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Ebony and Spica: Two Birds in My Life Paperback – 25 Feb 2014

5.0 out of 5 stars 7 customer reviews

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Product details

  • Paperback: 114 pages
  • Publisher: New Generation Publishing (25 Feb. 2014)
  • Language: English
  • ISBN-10: 1910162930
  • ISBN-13: 978-1910162934
  • Product Dimensions: 14.8 x 0.6 x 21 cm
  • Average Customer Review: 5.0 out of 5 stars  See all reviews (7 customer reviews)
  • Amazon Bestsellers Rank: 3,572,574 in Books (See Top 100 in Books)
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Format: Kindle Edition Verified Purchase
This is not the sort of book I would normally gravitate towards, but I found it a real pleasure to read. What struck me initially was how different human beings are from one another - the author is woken one morning by a cacophony in her garden, 'Screeching and a chorus of staccato alarm calls,' and rushes out to investigate. To somebody else, the cat-fight described might have been an annoying interruption to breakfast, but for Janet Doolaege it marked the start of an enduring relationship with Ebony, the injured young blackbird she rescued from the jaws of death.

Ebony could not have fallen into better hands - Janet had been a bird lover since the age of eight, when she climbed a tree in her native Dorset, and felt a 'sense of wonderment at the first sight of the fledgelings in a neat heap, beaks resting on scrawny backs, packed into the cup of a blackbird's nest'. She has already fed rescued sparrows with the same small tool from her manicure set that she now carefully uses to nurse this young blackbird back to health. Ebony, however, turns out to be permanently disabled which means that he can never live in the wild again - so Janet puts her home at his disposal.

Janet does not now live in Dorset, but in Paris, where she works as a translator - and the Parisian backdrop provides colour to the story. The author describes, in her precise and accurate English, the minutiae of living with this carefully observed rescued bird. The care she devotes to him is astonishing - she leaves work to travel home every day at lunch time to feed him when he is young, and when he scratches himself with an errant claw, he is taken to the vet to be anaesthetized and stitched up.
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Format: Kindle Edition
Having read and really enjoyed 'Candlepower', which features the enigmatic and intriguing 'bird woman' Rose, I felt I had to know more about the inspiration for that character and this author's involvement with our feathered friends. In 'Candlepower' Rose could communicate with these little wild creatures and it was clear the author also had a strong affinity with them - and I needed to know more.

Ebony (a blackbird) and Spica (a starling) were two birds rescued and reared by the author and her husband in real life. As someone who has tried (and sadly failed) to raise rescued birds who entered my life and tugged at my heartstrings, I longed to read about actual success stories and I wasn't disappointed. If only this book had been available then! Every page proved not just an education, but an enchanting journey into the lives of these sweet little creatures.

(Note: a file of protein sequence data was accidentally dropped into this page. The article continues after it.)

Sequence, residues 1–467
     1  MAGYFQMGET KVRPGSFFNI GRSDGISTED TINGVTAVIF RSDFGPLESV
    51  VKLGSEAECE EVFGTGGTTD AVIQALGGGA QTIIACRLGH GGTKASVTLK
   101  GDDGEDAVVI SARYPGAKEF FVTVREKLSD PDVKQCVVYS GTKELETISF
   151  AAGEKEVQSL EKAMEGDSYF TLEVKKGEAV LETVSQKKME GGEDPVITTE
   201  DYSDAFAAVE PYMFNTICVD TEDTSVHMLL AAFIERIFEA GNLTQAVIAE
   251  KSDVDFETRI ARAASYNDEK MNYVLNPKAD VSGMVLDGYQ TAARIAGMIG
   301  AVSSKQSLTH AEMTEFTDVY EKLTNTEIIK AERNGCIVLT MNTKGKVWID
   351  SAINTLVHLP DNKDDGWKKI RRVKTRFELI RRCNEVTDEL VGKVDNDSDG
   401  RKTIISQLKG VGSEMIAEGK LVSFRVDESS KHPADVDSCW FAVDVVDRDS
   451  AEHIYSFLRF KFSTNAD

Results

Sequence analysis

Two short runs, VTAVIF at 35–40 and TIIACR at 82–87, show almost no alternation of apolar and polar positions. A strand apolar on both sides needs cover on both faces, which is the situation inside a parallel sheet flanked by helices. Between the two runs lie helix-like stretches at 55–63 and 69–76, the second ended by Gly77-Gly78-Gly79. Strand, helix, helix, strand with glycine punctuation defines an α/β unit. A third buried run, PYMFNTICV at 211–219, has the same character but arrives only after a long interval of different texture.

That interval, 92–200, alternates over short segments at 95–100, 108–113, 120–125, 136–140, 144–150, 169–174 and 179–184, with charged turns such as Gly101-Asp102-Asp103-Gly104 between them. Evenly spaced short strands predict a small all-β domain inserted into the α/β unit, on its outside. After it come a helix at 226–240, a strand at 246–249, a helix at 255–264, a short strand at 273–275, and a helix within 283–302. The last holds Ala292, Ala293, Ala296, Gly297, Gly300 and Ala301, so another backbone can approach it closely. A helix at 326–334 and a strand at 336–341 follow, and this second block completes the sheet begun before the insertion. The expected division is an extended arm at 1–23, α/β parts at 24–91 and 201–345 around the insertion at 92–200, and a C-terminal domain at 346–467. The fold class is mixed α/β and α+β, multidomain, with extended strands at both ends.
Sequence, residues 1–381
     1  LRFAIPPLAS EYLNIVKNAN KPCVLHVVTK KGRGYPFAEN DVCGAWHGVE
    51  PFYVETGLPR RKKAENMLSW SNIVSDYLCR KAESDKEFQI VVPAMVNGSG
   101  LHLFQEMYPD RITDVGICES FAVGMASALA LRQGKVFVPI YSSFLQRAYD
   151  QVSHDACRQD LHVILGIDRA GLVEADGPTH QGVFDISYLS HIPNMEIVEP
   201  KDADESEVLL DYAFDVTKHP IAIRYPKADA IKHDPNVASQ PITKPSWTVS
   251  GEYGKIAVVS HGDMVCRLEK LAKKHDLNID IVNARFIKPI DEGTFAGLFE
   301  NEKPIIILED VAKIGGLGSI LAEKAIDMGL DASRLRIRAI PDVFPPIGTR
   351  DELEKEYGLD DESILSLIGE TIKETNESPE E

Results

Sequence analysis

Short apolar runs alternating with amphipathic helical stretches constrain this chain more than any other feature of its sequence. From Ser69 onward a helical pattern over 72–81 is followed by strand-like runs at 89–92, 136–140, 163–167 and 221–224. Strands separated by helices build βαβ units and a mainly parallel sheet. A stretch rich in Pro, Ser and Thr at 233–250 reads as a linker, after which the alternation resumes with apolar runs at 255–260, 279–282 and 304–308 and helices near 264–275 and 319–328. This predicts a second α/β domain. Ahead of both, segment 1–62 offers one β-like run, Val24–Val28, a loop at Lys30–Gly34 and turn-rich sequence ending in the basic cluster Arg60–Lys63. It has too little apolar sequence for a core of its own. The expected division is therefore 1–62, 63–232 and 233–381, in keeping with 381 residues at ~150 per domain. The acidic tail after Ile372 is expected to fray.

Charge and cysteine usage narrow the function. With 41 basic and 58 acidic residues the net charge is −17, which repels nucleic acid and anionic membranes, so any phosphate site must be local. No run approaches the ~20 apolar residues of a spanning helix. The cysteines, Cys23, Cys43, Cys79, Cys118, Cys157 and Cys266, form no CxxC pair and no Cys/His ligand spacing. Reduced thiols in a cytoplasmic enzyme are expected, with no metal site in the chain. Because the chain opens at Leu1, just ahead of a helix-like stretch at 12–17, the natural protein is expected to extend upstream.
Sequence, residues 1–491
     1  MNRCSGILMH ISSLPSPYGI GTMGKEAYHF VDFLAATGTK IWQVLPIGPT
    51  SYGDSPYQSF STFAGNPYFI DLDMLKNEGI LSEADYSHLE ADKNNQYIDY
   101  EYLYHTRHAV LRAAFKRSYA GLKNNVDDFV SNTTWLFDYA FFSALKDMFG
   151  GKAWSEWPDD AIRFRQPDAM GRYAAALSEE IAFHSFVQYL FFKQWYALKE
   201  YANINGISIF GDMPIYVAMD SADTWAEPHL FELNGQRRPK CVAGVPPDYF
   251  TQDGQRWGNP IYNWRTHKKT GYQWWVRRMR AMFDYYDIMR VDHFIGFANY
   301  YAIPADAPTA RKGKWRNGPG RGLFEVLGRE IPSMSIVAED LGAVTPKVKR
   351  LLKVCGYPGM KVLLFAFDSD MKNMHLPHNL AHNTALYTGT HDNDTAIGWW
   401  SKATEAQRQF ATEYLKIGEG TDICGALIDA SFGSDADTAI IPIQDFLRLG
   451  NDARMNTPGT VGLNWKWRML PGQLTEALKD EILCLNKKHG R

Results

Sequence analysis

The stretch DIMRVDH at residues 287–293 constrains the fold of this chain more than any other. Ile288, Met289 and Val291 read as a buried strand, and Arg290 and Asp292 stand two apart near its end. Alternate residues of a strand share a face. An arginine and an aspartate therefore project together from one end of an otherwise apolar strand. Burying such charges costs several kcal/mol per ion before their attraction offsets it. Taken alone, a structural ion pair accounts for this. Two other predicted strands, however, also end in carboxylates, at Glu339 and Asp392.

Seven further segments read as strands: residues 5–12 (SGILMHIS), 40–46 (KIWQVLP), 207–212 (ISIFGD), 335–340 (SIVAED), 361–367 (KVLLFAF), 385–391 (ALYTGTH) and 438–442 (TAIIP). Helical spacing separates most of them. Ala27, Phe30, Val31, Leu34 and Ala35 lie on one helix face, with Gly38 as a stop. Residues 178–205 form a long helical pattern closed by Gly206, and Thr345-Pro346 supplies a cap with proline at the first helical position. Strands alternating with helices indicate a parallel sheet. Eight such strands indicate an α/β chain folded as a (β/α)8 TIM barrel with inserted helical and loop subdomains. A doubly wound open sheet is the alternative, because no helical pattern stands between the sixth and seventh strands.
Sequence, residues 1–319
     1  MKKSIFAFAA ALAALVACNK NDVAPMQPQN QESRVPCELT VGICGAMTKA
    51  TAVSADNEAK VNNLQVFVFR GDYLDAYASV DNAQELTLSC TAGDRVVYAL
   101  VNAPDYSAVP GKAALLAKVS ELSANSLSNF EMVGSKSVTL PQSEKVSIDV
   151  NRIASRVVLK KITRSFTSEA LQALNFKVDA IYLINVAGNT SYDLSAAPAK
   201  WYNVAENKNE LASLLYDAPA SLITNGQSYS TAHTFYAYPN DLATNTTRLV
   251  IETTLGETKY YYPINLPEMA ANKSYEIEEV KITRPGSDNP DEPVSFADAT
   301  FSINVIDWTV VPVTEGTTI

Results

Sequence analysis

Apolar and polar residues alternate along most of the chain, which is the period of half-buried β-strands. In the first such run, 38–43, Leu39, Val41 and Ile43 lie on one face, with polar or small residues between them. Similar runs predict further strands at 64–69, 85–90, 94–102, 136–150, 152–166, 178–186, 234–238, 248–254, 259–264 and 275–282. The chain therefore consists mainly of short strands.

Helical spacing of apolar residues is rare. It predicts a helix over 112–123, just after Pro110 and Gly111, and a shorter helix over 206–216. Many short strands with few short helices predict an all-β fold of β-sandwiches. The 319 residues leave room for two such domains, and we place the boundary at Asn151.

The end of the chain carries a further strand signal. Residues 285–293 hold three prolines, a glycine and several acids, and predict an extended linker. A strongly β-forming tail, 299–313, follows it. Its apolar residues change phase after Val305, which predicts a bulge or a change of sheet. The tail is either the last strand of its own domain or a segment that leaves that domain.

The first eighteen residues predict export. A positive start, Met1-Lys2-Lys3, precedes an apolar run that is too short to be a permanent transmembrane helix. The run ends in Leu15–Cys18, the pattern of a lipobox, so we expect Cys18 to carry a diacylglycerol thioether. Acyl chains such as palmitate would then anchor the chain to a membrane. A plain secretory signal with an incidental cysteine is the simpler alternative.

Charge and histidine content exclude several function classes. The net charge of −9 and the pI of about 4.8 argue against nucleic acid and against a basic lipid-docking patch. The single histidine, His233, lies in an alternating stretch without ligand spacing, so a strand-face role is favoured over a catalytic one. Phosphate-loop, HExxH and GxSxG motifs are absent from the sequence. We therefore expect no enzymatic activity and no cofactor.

Most of Ebony's life was spent in a Paris apartment with the author until she moved herself and him out to the country with her husband. Ebony lived a long and happy life and reading about his delightful antics brought me so much happiness. But it was Spica who stole my heart. This little creature knew he had a special place in the world - and in his little world in particular, he certainly ruled the roost. I laughed aloud at some of his antics and the visions of the author and her husband trying to enjoy their evening meal in their dining room with its floor covered in newspapers, table protected by a plastic cloth and themselves bedecked in blue overalls, while Spica inspected, tasted and explored everything around him like a tiny feathered lord of the manor.

'Ebony and Spica' makes the most delightful reading.
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Format: Paperback
To say I loved this book isn’t giving Ms. Doolaege enough credit. It moved me to tears, and I read parts of it over from the first reading several times, because I enjoyed the way they made me feel so much. This book is really two books in one, telling of two sequential but separate times in the author’s life where she cared for two wild birds who weren’t able to be returned to the wild. Supplemental to these two tales, and added in as seasoning are real life facts about both species of birds as well as how to care for them in all stages of their lives, which initially are interesting and humorous then take on a compellingly moving nature as the tales progress and the reader becomes attached to both the starling Spica and the blackbird Ebony. As an animal rescuer myself, I am familiar with the poignancy of caring for rescued animals as well as the often hilarious situations that ensue in the normal course of life; this work delivers both in spades, from errant mealworms crawling about the house and discovered by guests at inopportune times to the close calls with both birds through sickness, real-life challenges, and their old age.

Beyond the normal caring for a wild animal, the author’s relationship with these birds surpassed that of nurturer and caregiver and in the 16 years for Ebony and 10+ years for Spica that she spent with them, became a family bond stronger than most people likely feel for their human family.

“Even if I was embroiled in rows or depressed by disappointments, I felt, whenever I opened my front door, that Ebony was there, that he needed me quite simply, and that we accepted each other.”
“The years have rolled by. Spica the starling has lived with us for more than ten years.
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